alexa Exosomal transmission of functional aquaporin 2 in kidney cortical collecting duct cells.
Diabetes & Endocrinology

Diabetes & Endocrinology

Journal of Diabetes & Metabolism

Author(s): Street JM, Birkhoff W, Menzies RI, Webb DJ, Bailey MA,

Abstract Share this page

Abstract Exosomes are vesicles released following fusion of endosomes with the plasma membrane. Urine contains exosomes that are released from the entire length of the nephron and change in composition with kidney disease. Exosomes can shuttle information between non-renal cells via transfer of protein and RNA. In this study murine kidney collecting duct (mCCDC11) cells were used to demonstrate that exosomes can act as a signalling mechanism between cells. First, the release of exosomes by mCCDC11 cells was confirmed by multiple approaches. Following isopynic centrifugation, exosomal proteins flotillin-1 and TSG101 were identified in fractions consistent with exosomes. Electron microscopy demonstrated structures consistent in size and shape with exosomes. Exposure of mCCDC11 cells to the synthetic vasopressin analogue, desmopressin, did not affect exosomal flotillin-1 or TSG101 but increased aquaporin 2 (AQP2) in a dose- and time-dependent manner that was highly correlated with cellular AQP2 (exosomal AQP2 vs. cellular AQP2, Pearson correlation coefficient r = 0.93). To test whether the ratio of exosomal AQP2/flotillin-1 is under physiological control in vivo, rats were treated with desmopressin. The ratio of AQP2/flotillin-1 in the urinary exosome was significantly increased. Inter-cellular signalling by exosomes was demonstrated: exosomes from desmopressin-treated cells stimulated both AQP2 expression and water transport in untreated mCCDc11 cells (water flow across cells: control exosome treatment 52.8 ± 11 μl cm(-2); AQP2-containing exosomes 77.4 ± 4 μl cm(-2), P = 0.05, n = 4). In summary, the amount of AQP2 in exosomes released from collecting duct cells is physiologically regulated and exosomal AQP2 closely reflects cellular expression. Exosomes can transfer functional AQP2 between cells and this represents a novel physiological mechanism for cell-to-cell communication within the kidney.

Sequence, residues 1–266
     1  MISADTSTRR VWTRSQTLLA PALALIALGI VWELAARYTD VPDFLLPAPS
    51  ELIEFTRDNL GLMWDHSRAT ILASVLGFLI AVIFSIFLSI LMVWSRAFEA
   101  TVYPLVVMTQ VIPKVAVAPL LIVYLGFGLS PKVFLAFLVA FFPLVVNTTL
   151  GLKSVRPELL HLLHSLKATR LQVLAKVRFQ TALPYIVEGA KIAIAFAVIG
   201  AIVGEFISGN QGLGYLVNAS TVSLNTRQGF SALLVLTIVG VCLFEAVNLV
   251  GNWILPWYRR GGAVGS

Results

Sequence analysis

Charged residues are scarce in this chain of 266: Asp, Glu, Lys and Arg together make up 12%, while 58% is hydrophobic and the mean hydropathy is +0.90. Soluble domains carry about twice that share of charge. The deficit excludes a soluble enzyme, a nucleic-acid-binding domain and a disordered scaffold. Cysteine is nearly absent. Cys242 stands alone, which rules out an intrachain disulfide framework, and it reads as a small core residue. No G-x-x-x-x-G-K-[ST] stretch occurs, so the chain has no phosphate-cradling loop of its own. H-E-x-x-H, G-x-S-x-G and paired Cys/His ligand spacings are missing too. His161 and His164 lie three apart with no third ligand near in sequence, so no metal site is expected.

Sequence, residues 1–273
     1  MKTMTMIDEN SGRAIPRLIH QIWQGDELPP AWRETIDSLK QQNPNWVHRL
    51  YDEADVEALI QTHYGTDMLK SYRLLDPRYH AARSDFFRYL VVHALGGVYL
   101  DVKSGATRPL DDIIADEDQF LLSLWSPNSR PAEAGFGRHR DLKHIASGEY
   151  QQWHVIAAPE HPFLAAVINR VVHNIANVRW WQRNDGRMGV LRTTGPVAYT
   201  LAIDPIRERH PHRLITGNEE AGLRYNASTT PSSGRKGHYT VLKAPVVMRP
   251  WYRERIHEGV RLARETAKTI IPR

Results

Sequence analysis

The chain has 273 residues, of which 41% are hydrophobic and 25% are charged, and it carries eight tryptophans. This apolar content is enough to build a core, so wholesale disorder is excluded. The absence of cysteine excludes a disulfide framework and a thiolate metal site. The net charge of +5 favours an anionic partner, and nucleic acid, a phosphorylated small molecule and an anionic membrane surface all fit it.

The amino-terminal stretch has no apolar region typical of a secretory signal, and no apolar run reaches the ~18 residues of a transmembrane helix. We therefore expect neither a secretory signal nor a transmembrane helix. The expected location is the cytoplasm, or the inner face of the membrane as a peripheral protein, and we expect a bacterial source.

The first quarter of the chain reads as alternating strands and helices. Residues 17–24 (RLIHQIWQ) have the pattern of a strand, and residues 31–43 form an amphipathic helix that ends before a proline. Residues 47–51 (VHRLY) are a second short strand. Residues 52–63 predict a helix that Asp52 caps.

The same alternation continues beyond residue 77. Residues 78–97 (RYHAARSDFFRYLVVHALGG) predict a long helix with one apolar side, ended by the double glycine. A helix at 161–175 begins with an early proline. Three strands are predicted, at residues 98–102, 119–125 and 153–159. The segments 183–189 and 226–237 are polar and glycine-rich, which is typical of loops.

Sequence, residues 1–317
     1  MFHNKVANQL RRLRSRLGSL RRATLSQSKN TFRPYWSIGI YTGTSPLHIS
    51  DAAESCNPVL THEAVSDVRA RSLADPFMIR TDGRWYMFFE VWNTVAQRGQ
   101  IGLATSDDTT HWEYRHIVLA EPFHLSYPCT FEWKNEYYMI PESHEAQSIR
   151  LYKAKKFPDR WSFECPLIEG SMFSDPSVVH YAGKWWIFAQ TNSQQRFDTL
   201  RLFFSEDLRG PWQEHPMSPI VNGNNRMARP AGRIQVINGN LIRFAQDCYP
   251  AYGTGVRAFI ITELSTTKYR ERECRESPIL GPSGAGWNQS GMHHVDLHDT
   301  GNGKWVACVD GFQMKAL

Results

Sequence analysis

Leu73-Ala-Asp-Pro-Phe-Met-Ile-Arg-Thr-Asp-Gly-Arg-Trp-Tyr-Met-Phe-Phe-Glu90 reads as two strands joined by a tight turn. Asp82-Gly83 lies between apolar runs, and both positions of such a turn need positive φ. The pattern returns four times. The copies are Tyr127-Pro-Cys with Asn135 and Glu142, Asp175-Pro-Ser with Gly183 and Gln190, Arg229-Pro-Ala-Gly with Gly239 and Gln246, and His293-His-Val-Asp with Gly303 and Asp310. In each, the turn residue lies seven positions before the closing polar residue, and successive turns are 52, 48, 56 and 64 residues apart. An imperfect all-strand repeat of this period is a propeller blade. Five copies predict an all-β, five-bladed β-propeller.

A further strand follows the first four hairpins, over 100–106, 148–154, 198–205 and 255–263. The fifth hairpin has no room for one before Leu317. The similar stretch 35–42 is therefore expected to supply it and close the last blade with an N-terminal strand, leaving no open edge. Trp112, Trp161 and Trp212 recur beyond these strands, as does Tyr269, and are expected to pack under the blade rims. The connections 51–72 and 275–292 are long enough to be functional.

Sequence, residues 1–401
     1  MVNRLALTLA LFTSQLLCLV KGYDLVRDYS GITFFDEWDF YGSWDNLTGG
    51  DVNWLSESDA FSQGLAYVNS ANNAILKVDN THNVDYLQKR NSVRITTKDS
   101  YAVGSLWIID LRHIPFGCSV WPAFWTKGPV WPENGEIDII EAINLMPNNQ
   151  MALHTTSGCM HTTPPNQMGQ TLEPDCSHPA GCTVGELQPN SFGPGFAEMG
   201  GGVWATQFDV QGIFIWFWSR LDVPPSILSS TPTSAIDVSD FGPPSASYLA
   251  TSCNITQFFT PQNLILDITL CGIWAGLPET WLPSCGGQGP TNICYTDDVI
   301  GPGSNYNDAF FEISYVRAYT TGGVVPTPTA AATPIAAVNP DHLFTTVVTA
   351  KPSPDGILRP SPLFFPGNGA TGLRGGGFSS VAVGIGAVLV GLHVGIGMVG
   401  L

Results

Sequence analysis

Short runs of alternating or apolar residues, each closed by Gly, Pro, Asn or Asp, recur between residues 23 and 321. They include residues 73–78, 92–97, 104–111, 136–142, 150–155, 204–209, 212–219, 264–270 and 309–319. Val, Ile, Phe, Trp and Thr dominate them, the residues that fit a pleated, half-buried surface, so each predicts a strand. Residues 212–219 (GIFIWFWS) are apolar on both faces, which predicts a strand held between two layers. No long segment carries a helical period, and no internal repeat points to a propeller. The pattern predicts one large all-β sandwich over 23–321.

This article was published in J Physiol and referenced in Journal of Diabetes & Metabolism

Relevant Expert PPTs

Relevant Speaker PPTs

Relevant Topics

Peer Reviewed Journals
Make the best use of Scientific Research and information from our 700 + peer reviewed, Open Access Journals
International Conferences 2017-18
Meet Inspiring Speakers and Experts at our 3000+ Global Annual Meetings

Contact Us

© 2008-2017 OMICS International - Open Access Publisher. Best viewed in Mozilla Firefox | Google Chrome | Above IE 7.0 version